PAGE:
It Happened in June
June 4, 1837: Seven years after the Church was organized, Elder Heber C. Kimball of the Quorum of the Twelve Apostles was called to serve a mission to England. He was the first person called to an overseas mission.
June 27, 1844: The Prophet Joseph Smith and his brother Hyrum were killed by a mob at Carthage Jail.
June 9, 1895: The first stake outside the United States was organized in Canada; it was called the Alberta Stake.
June 23, 1910: President Gordon B. Hinckley was born in Salt Lake City, Utah.
June 14, 1969: The Germany Dresden Mission was organized. There are now four missions in Germany.
Mothers and Daughters Trade Roles
How would you like to switch places with your mother for a day? That’s what the young women from Manurewa and Pukekohe in New Zealand did for a role-reversal debate.
In the role reversal, the mothers argued that girls 12 years and older should be able to do as they pleased. The young women argued that there should be reasonable limits.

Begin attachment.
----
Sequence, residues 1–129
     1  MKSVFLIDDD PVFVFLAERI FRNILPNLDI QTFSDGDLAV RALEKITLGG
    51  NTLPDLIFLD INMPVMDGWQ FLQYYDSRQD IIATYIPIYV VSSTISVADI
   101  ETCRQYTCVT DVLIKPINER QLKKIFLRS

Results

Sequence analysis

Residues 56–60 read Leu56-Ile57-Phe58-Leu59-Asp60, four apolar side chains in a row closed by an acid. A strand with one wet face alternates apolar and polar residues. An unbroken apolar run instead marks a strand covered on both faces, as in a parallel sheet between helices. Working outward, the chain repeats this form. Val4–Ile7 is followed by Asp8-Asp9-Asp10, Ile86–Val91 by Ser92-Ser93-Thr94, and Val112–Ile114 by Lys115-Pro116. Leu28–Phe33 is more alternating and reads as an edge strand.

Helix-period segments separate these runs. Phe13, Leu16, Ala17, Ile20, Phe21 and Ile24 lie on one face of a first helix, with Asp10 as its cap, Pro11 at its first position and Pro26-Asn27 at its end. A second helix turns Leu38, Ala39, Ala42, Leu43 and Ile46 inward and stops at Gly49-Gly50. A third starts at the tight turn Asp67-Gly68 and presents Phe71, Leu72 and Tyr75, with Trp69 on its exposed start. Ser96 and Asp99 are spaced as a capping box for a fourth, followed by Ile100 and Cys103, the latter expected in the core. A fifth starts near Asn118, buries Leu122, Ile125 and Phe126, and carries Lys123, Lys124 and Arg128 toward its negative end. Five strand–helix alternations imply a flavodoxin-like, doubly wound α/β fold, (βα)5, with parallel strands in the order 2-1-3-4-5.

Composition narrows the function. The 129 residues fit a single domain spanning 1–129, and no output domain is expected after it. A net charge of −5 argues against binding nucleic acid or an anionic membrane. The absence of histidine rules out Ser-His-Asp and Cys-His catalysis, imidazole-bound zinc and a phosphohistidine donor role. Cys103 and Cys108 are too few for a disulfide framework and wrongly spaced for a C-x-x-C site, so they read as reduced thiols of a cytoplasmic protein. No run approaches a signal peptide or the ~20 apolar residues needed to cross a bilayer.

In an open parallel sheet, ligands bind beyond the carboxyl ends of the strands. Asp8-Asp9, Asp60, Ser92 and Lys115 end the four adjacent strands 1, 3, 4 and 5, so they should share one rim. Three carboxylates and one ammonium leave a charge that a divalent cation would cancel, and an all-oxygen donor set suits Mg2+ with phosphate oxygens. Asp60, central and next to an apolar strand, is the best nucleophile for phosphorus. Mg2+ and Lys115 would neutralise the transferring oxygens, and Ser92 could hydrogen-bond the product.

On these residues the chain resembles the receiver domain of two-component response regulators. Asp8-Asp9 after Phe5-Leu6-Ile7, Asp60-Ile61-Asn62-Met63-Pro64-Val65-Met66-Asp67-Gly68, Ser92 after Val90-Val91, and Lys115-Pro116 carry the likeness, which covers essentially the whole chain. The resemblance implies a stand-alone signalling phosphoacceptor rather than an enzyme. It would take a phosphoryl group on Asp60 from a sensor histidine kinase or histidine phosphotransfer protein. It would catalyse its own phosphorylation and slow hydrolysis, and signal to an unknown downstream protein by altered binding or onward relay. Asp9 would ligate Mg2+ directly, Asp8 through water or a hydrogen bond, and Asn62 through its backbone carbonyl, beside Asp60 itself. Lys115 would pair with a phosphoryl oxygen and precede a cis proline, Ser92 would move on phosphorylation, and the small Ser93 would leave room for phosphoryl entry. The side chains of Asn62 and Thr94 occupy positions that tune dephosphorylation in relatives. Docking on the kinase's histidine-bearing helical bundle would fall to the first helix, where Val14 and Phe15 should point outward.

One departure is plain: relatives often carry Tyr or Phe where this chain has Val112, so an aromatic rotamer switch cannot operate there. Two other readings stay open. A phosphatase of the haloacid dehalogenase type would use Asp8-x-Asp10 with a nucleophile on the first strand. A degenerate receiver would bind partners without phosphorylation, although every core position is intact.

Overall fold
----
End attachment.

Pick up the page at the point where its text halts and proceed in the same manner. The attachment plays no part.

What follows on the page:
There were also mother-daughter duets, followed by presentations on motherhood from both the young women and their mothers.
Heather Maloney, the mayor of Franklin, New Zealand, was one of the judges for the debate. She praised the mothers and daughters for their courage in public speaking and thanked the girls for their high standards and values and for the respect they showed in honoring their mothers.
“The most encompassing short course on leadership was given by the Savior himself: ‘And he saith unto them, Follow me’ (Matt. 4:19). A leader cannot ask of others what he is not willing to do himself. Our safest course is to follow the example of the Savior, and our security is to listen to and follow the direction of his prophet, the President of the Church.” President James E. Faust, Second Counselor in the First Presidency, “These I Will Make My Leaders,” Ensign, Nov. 1980, 35.